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Managing forest habitat for conservation-reliant species in a changing climate: The case of the endangered Kirtland’s Warbler

Donner, Deahn M., Brown, Donald J., Ribic, Christine A., Nelson, Mark, Greco, Tim
Forest ecology and management 2018 v.430 pp. 265-279
Pinus banksiana, Setophaga kirtlandii, breeding, breeding sites, climate, climate change, climate models, environmental factors, forests, habitat conservation, habitats, monitoring, nesting, planning, plantations, research management, Michigan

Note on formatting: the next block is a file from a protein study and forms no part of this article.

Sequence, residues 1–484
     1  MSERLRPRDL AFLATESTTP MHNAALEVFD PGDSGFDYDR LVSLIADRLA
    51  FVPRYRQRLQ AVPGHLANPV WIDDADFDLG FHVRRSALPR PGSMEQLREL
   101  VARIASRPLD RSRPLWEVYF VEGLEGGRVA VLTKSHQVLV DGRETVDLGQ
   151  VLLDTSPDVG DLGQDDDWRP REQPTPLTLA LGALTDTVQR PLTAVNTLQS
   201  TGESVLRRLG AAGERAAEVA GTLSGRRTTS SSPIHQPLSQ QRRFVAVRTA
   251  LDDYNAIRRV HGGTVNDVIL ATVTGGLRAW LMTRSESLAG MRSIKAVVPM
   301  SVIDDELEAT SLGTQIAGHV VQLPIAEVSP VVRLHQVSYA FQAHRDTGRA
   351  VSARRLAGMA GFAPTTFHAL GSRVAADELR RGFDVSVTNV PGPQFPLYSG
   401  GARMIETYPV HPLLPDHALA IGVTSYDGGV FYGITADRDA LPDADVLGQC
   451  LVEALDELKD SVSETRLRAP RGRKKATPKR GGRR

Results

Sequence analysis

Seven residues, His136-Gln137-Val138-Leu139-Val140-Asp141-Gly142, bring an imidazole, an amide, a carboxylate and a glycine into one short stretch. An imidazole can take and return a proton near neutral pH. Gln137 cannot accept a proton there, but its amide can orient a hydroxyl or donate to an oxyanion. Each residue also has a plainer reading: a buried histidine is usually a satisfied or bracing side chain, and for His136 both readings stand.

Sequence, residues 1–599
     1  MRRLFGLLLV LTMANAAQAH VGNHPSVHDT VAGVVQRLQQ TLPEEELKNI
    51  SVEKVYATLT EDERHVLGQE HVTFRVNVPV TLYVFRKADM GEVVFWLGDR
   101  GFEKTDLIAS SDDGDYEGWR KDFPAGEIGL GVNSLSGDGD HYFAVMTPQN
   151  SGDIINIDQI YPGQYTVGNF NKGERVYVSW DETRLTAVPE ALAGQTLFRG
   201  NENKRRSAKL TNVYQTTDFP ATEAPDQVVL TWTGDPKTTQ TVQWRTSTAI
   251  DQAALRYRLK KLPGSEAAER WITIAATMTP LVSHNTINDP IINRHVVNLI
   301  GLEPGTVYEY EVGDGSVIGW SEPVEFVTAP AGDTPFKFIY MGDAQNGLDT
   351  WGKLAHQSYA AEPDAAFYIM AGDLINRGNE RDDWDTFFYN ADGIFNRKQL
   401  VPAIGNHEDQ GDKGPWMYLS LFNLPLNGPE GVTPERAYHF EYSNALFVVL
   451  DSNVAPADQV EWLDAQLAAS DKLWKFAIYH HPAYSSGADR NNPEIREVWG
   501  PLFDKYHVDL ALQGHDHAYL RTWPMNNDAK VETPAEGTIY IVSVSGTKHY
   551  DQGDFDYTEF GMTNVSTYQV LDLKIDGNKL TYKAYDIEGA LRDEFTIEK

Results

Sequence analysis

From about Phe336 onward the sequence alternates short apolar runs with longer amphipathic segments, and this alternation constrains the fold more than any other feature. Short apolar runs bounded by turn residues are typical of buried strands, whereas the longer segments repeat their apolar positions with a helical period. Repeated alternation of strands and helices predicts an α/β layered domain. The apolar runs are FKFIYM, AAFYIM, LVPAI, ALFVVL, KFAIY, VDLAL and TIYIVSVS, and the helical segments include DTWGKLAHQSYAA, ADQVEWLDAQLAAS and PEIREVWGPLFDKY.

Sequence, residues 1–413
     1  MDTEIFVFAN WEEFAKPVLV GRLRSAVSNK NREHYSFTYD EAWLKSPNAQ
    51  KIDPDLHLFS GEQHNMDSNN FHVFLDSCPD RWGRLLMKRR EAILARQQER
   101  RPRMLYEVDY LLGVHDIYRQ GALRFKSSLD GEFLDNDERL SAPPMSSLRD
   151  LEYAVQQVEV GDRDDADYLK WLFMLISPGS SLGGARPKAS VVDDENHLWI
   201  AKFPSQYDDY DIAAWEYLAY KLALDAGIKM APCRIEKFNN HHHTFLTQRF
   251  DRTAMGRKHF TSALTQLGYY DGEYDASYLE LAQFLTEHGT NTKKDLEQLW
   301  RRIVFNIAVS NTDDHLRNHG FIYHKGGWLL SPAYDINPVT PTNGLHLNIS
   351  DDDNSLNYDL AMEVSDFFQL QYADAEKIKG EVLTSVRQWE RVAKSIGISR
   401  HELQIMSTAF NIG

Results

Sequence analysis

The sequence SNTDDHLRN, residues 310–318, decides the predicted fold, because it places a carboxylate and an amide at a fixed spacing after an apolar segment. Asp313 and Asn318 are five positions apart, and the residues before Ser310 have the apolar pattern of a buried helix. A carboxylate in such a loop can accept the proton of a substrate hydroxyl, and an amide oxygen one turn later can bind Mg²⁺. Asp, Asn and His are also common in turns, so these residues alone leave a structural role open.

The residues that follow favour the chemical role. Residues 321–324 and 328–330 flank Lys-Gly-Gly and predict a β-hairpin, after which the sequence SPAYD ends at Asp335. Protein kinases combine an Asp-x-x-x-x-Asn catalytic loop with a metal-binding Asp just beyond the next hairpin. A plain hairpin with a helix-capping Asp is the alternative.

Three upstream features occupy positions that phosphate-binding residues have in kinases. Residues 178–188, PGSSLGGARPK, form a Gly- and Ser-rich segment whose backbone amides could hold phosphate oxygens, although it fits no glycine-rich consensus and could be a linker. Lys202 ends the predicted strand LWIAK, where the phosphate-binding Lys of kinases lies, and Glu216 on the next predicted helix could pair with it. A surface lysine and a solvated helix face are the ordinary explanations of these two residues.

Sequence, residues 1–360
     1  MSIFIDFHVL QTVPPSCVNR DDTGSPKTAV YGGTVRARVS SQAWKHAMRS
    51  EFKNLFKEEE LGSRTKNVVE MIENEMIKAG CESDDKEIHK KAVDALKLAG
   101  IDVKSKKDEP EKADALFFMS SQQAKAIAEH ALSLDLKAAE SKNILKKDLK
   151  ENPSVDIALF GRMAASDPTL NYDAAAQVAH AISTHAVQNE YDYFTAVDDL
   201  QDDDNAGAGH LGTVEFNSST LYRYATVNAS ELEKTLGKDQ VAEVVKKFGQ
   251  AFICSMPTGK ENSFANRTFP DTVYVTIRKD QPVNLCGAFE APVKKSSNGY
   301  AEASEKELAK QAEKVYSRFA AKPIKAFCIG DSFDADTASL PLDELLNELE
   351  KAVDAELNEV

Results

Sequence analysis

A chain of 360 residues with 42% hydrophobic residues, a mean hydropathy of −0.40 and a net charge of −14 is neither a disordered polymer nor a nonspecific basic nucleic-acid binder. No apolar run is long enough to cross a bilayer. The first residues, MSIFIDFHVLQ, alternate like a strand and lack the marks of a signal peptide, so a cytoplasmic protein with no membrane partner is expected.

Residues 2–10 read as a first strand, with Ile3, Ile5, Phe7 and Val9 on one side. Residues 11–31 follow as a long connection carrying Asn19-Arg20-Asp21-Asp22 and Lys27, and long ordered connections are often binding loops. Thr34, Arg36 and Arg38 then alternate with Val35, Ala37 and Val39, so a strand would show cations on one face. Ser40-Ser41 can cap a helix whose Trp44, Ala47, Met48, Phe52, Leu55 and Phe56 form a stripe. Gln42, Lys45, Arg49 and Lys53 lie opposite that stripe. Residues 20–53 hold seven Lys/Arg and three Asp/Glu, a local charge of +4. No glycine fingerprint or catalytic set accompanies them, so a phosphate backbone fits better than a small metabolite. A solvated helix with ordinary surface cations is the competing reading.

Conservation and recovery of species of concern necessitates evaluating forest habitat conditions under changing climate conditions, especially in the early stages of the delisting process. Managers must weigh implications of near-term habitat management activities within the context of changing environmental conditions and a species’ biological traits that may influence their vulnerability to changing conditions. Here we applied established population-habitat relationships based on decades of monitoring and research-management collaborations for the Kirtland’s Warbler (Setophaga kirtlandii) to project potential impacts of changing environmental conditions to breeding habitat distribution, quantity, and quality in the near future. Kirtland’s warblers are habitat-specialists that nest exclusively within dense jack pine (Pinus banksiana) forests between ca. 5–20 years of age. Using Random Forests to predict changes in distribution and growth rate of jack pine under future scenarios, results indicate the projected distribution of jack pine will contract considerably (ca. 75%) throughout the Lake States region, U.S.A. in response to projected environmental conditions in 2099 under RCP 4.5 and 8.5 climate scenarios regardless of climate model. Reduced suitability for jack pine regeneration across the Lake States may constrain management options, especially for creating high stem-density plantations nesting habitat. However, conditions remain suitable for jack pine regeneration within their historical and current core breeding range in northern Lower Michigan and several satellite breeding areas. Projected changes in jack pine growth rates varied within the core breeding area, but altered growth rates did not greatly alter the duration that habitat remained suitable for nesting by the Kirtland’s Warblers. These findings contribute to Kirtland’s Warbler conservation by informing habitat spatial planning of plantation management to provide a constant supply of nesting habitat based on the spatial variability of potential loss or gain of lands environmentally suitable for regenerating jack pine in the long-term.